Another student entered the program having trouble making connections with others but by the end he was thriving.  Molly reflects, “There are so many negative aspects to the pandemic, but the individualized support and attention this student received as a result of smaller group size was just what he needed.  Because of the current restrictions, God put us in small, contained groups and I was able to see that you can make an impact no matter the situation.  When a leader takes the time to sit and listen deeply to a student, the student realizes that what they have to say is important, that they are important.  The transformation I saw in the lives of these students is significant.”

As Molly prepares to enter her senior year of high school in the midst of the pandemic, we trust God will continue to give her eyes to see Him at work and opportunities to use her positive, contagious energy to do good in the world around her.  We are grateful for her willingness to serve at BCM this summer despite Covid challenges, and for the important role she played in bringing hope and a future to our students.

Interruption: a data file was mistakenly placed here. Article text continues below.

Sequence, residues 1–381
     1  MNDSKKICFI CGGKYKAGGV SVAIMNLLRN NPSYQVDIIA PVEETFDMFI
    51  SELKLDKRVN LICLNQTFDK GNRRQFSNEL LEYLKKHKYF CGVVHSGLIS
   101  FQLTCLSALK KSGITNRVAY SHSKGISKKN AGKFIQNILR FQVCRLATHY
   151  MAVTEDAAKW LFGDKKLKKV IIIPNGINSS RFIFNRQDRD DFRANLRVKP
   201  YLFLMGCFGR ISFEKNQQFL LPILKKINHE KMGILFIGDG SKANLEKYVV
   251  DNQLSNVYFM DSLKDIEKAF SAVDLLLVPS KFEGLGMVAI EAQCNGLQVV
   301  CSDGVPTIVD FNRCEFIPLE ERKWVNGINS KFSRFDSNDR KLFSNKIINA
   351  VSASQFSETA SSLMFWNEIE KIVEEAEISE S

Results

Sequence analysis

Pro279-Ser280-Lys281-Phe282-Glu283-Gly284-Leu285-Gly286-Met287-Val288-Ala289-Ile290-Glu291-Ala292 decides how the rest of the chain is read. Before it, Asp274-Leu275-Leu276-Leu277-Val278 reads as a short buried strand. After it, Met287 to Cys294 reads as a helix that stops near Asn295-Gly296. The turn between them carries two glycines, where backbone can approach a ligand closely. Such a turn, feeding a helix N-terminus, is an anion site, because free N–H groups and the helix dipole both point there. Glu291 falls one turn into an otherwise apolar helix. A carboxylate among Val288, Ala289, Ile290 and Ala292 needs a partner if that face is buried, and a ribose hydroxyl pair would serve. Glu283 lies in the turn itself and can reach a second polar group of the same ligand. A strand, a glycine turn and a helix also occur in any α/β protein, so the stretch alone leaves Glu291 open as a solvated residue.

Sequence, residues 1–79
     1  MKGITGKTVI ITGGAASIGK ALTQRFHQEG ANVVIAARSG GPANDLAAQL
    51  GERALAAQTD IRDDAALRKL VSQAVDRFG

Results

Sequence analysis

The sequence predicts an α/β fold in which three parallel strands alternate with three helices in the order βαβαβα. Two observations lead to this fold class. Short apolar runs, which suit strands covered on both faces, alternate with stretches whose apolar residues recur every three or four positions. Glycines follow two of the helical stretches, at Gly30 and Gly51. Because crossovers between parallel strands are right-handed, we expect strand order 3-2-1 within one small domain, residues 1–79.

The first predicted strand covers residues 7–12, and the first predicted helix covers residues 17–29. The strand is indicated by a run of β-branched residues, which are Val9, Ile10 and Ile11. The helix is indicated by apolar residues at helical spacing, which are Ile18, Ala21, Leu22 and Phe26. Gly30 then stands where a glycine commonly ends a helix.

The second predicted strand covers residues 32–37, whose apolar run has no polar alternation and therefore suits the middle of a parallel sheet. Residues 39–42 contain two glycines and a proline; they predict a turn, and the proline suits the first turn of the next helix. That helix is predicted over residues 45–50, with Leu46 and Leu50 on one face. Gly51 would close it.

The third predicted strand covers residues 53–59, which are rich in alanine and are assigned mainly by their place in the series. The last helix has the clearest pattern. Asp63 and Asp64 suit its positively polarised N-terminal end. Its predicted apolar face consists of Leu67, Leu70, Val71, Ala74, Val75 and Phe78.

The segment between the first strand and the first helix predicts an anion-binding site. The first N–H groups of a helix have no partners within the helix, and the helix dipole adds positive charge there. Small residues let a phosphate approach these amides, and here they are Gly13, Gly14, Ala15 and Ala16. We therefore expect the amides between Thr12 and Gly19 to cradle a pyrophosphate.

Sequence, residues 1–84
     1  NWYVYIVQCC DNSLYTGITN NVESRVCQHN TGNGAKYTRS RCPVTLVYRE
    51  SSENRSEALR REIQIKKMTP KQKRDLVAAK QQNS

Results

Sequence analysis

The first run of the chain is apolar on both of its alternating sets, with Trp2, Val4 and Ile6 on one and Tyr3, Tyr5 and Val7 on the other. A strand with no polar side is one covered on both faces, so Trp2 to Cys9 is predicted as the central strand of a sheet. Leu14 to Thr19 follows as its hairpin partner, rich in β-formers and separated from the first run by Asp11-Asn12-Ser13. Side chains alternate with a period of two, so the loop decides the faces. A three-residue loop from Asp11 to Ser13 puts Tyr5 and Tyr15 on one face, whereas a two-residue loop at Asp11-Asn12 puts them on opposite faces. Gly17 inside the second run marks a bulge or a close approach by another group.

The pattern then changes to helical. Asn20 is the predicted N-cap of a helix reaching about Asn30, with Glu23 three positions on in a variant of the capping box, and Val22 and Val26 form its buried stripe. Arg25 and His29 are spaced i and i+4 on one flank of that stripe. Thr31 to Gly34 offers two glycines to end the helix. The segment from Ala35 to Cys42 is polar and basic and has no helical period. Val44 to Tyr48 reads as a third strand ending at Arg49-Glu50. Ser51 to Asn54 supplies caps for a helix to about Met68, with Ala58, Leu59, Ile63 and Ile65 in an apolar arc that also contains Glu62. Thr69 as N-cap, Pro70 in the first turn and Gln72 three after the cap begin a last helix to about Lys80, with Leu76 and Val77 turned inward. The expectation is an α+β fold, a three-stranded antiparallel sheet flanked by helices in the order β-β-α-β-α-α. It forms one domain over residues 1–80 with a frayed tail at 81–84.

Photo credit: C Mitchel

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Tie dye day at Create

Claire’s parents were talking about college and life after college one day and Bayshore Christian Ministries came up, something she had never heard them mention before.  She learned that her dad had been part of the founding group (back in the 1980’s) and her mom had volunteered there a few years later.  As a recent high school graduate living in Southern California and preparing for college, Claire was contemplating what to do with her summer, thinking about the achievement gap and racial justice issues affecting the nation.  The next thing she knew, she overheard her mom on the phone talking with a BCM staff about the possibility of an internship.  Her mom turned to her and said, “Do you want to go to BCM this summer?”  “What? When?” Claire replied.  “Next week,” was the surprising answer.  A whirlwind of days later, Claire was in the family’s van on her way to East Palo Alto with her suitcase and her bike, ready for her first real job and her first experience living away from home.